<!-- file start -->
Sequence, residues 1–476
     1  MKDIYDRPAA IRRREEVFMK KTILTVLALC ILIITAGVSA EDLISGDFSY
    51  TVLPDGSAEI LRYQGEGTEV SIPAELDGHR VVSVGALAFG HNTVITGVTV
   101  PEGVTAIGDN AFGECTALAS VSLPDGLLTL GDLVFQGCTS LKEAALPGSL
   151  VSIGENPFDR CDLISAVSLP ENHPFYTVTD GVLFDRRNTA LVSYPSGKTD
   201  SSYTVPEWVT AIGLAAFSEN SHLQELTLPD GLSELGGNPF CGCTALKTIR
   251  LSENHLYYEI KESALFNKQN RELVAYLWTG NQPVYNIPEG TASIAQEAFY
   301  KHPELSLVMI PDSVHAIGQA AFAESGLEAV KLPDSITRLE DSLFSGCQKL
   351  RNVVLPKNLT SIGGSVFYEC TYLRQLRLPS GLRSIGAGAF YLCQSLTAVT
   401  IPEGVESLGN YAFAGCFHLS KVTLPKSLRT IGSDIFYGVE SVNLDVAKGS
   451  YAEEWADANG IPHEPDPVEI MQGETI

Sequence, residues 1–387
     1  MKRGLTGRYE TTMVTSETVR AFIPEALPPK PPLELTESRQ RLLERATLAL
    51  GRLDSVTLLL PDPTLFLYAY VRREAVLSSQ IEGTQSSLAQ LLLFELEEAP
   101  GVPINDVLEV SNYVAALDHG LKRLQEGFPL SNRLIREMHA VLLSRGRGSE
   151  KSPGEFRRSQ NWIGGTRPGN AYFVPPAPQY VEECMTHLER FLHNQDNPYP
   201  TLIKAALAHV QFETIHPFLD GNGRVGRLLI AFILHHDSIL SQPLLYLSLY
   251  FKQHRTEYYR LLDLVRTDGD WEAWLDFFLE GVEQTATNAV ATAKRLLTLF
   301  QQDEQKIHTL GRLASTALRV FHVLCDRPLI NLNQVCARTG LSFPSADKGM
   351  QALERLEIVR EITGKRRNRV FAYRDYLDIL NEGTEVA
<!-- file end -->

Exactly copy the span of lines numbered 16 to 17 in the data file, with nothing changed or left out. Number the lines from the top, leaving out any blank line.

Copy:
   151  KSPGEFRRSQ NWIGGTRPGN AYFVPPAPQY VEECMTHLER FLHNQDNPYP
   201  TLIKAALAHV QFETIHPFLD GNGRVGRLLI AFILHHDSIL SQPLLYLSLY